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Conservative MP: 'Cornwall is building 1,000 homes a year too many'

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Conservative MP: 'Cornwall is building 1,000 homes a year too many'


Published by Anonymous for in Housing and also in Central Government, Local Government

Conservative MP: 'Cornwall is building 1,000 homes a year too many' Conservative MP: 'Cornwall is building 1,000 homes a year too many'

A Conservative MP has called for a reduced housing target for Cornwall and says the county is already building 1,000 homes each year that are surplus to requirements.

Truro and Falmouth MP Sarah Newton (pictured) used a parliamentary debate to support plans proposed by Conservative councillors in the south west county to reduce the number of new homes to be built over the next 20 years from 47,500 to 33,000.

Speaking in a Westminster Hall debate on planning reforms, Mrs Newton said the higher figure was based on Cornwall Council’s previous record of delivering new homes. Mrs Newton argued that, despite this historically high level of overall building, Cornwall has not delivered enough genuinely affordable homes needed for local people.

Mrs Newton asked Planning Minister Nick Boles MP for an assurance that Cornwall Council could use "more realistic and appropriate data" to agree a housing target based on local needs, rather than seeking to replicate past building rates.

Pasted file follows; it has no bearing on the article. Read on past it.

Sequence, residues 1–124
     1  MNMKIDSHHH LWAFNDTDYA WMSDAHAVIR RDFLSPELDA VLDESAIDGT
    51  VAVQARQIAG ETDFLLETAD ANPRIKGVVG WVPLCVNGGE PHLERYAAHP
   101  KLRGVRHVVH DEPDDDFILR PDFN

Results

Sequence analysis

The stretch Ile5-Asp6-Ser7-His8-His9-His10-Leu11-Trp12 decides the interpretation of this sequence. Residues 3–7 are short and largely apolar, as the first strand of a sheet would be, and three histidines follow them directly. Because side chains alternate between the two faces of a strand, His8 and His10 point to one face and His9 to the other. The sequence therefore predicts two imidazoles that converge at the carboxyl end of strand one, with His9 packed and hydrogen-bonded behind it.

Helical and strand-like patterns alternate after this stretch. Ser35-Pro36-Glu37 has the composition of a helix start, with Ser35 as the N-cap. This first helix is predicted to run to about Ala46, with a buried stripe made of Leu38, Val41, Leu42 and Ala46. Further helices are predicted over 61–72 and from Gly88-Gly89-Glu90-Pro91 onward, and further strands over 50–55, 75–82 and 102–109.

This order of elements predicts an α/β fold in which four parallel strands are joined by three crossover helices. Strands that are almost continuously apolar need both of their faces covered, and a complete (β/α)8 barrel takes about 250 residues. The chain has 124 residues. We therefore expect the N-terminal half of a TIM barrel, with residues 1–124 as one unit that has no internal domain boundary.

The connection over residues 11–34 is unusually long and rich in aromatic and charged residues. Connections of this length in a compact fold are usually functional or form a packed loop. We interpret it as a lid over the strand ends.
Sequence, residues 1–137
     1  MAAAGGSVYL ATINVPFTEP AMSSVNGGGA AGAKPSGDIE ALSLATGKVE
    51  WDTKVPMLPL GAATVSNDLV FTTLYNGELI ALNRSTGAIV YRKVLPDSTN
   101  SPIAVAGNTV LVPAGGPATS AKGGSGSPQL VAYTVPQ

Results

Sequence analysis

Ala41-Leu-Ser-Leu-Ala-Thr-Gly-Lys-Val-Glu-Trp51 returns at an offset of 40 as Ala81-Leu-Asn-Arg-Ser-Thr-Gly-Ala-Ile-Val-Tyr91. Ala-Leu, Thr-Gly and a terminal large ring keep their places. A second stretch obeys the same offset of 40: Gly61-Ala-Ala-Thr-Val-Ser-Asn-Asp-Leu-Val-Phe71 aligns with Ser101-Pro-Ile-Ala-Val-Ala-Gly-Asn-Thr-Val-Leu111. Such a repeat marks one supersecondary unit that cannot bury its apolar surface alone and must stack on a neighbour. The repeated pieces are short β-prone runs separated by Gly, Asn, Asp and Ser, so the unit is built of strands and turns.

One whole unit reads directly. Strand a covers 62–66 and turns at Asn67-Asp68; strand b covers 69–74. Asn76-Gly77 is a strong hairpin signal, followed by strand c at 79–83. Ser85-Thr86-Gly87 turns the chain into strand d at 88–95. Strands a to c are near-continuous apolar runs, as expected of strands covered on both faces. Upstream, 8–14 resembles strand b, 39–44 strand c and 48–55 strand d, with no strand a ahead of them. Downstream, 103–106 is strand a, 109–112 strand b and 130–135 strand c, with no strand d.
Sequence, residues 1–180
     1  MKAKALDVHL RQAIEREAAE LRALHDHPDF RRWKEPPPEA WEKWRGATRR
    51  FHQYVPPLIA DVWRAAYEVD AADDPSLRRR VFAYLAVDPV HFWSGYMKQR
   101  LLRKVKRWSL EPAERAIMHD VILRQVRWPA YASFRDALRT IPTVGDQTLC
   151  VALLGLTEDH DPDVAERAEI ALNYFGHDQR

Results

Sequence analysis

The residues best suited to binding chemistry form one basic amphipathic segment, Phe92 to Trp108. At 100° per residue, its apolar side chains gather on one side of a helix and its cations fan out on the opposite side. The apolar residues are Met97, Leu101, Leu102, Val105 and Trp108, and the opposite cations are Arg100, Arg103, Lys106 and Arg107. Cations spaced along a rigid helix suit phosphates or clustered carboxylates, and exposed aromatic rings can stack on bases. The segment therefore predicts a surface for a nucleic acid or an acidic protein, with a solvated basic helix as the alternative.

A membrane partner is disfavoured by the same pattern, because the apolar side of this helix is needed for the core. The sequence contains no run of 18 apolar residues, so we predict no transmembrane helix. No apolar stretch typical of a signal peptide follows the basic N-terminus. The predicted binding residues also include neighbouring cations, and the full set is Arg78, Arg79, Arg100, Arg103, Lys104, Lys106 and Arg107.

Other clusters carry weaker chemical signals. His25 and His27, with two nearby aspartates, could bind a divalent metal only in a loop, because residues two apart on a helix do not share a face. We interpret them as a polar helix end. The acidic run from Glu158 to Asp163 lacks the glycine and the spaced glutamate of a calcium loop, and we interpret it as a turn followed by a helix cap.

Sarah Newton said: "It is vital that we protect our very special environment and two very important industries of tourism, farming, food and drinks. A much higher priority needs to be given on delivering homes that local people can afford to live in.

She added: "Based on the criteria used to determine local need, my Cornwall councillor colleagues believe Cornwall has been delivering 1,000 more homes a year than needed. This over-delivery will continue if the 42,250 plus figure is forced upon Cornwall.

"Cornwall has built on average 2,482 new homes each year over the past 11 years. However in the last 12 months we have seen a significant slow down in immigration into Cornwall. This is not surprising as the university growth is almost complete and the economy is rebalancing not only to support inward bound tourism but to encourage local growth, drawing on local skill resources, in the creative industries, highly skilled marine engineering and renewables as well as farming, food and drink manufacturing."

In response, planning minister Nick Boles, said: "The first issue is housing projections. What is the role of figures from the Office for National Statistics in supporting housing projections? The fundamental situation is that, just as we expect local authorities to make plans to meet their needs for schools and for social care, we expect in the national planning policy framework that local authorities will make plans to meet their housing needs.

"Those plans have to be evidence-based. Of course, we cannot entirely reject ONS population projections, because the ONS is our national statistics body and those projections are the best that we have, although I entirely understand why they are often wrong and flawed, as all projections necessarily are.

"What I have said, however, does not mean that those ONS projections are the last word. It is absolutely open to any authority— Cornwall council will certainly have this opportunity—to look at the actual figures achieved in the past, relate them back to the projections that were in place then and then say why it thinks that projections are not the last word and that different numbers have an evidence base.

"It is absolutely open to authorities to do that, but their numbers must be based on evidence; they cannot be based on assertion alone. Authorities must use evidence and that evidence will be challenged in an examination by developers and others, so it needs to be pretty robust."


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